HLPR Blog: Notice and Comment



The Right to Vote in Every Corner of the Country

By Emma Greenman* With a week until the 2018 elections, campaigns are shifting into high gear and so are voter suppression efforts in many parts of the country. America’s history with disenfranchisement is older than the Constitution itself and this year we have seen a disturbing acceleration of the decade-old resurgence of restrictive voting laws,…


Antitrust, Political Economy, and the Nomination of Brett Kavanaugh

By Chris Sagers[1] In the world there are weightier things than antitrust, and the Supreme Court nomination of Judge Brett Kavanaugh involves many of them. His replacement of Anthony Kennedy will likely change the Court’s balance in several areas, perhaps including the constitutional status of abortion, marriage rights, and who knows what other civil rights…


Plea Bargaining: Lessons Learned, Issues Outstanding

By Milton Heumann*   The classic “you’ve come a long way baby” mantra from the world of tobacco advertising has an analogous application to plea bargaining. Fifty years or so ago, plea bargaining was just emerging from the shadows of the perception of our trial courts, but today it is recognized as occupying the central…


Fighting to Restore Civil Rights and Felon Rehabilitation in Florida

By Eric Allen Kauk* This November Florida will vote on Amendment 4, a measure that would automatically restore the right to vote to 1,487,847 convicted felons who have successfully served their entire sentence and paid their debt to society. Florida lags far behind the rest of the country when it comes to restoring individuals’ civil…


Trump’s Flailing Ratchet: From “Bad Hombres” to “Zero Tolerance”

By Amien Kacou* The Trump administration has made fighting illegal immigration a top law enforcement priority. But, despite the President’s frequent displays of availability bias—if not vicious cynicism—on this issue, it is well-established that immigrants, regardless of legal status or origins, are on average less likely than citizens to commit most crimes. In fact, their…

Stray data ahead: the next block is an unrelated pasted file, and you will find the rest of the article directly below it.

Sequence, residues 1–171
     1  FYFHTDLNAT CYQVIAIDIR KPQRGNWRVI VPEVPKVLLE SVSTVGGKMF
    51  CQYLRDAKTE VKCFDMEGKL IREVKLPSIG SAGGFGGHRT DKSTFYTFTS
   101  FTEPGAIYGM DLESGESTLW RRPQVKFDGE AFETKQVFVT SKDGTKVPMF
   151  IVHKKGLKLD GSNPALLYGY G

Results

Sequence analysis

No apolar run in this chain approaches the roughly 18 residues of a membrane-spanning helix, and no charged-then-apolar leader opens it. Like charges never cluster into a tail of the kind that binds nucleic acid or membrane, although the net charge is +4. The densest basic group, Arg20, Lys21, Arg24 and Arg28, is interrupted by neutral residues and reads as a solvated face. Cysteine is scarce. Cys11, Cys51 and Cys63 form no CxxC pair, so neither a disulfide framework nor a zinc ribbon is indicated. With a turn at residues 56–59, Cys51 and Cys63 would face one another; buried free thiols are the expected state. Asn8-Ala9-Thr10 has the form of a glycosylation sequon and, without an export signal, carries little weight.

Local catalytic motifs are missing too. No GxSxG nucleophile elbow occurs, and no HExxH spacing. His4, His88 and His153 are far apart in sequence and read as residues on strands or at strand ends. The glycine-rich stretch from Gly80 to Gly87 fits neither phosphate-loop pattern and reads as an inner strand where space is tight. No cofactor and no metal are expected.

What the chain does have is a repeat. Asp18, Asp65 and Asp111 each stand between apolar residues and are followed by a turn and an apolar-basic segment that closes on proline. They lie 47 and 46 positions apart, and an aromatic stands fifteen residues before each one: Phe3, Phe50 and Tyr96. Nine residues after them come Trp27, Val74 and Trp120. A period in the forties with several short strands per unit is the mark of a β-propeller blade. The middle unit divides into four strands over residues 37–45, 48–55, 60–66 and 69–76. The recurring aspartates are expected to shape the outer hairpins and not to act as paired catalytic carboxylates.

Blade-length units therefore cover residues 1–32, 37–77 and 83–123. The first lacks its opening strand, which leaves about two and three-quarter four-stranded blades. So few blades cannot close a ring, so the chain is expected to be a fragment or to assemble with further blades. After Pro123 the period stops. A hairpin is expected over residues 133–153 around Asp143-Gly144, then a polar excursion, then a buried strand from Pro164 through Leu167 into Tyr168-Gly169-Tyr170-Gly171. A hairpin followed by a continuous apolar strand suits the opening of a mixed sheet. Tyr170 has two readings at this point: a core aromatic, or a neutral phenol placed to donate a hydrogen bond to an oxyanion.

Obama and the Good Old Days of Federal Prosecution?

By David Patton* These days as a federal public defender, I’m often asked some version of, “Aren’t federal prosecutions horribly unfair and draconian now that Jeff Sessions is heading the Department of Justice?” I usually respond with some version of “Yes, they are.”  What I often leave out is, “And they have been for as…


Federal Hate Crime Prosecutions are Critical, but Are They Enough?

By Melissa Garlick* Three militia members from southwest Kansas were recently convicted on federal civil rights charges and conspiring to use a weapon of mass destruction for targeting Somali Muslim immigrants for a plan of mass murder in 2016.  On a recording made available to the jury, one of the defendants said: “The only good…


Epistemic Humility as a Presidential Virtue

By Mark Satta* There are a lot of traits worth wanting in a political leader—relevant experience, good public speaking skills, strong critical thinking skills, a charming personality, empathy, tact, wisdom, diligence, willingness to serve those whom one leads, etc. The current President of the United States seems to lack an unsettling number of these traits,…


The Legal Landscape of Graduate Student Assistant Unionization in the Trump Era

By Jared Odessky* In August 2016, the National Labor Relations Board (NLRB or “the Board”) held that graduate student assistants at Columbia University were statutory employees under Section 2(3) of the National Labor Relations Act (“the Act”) with the legally enforceable right to unionize. The ruling extended to private colleges and universities generally and spurred…

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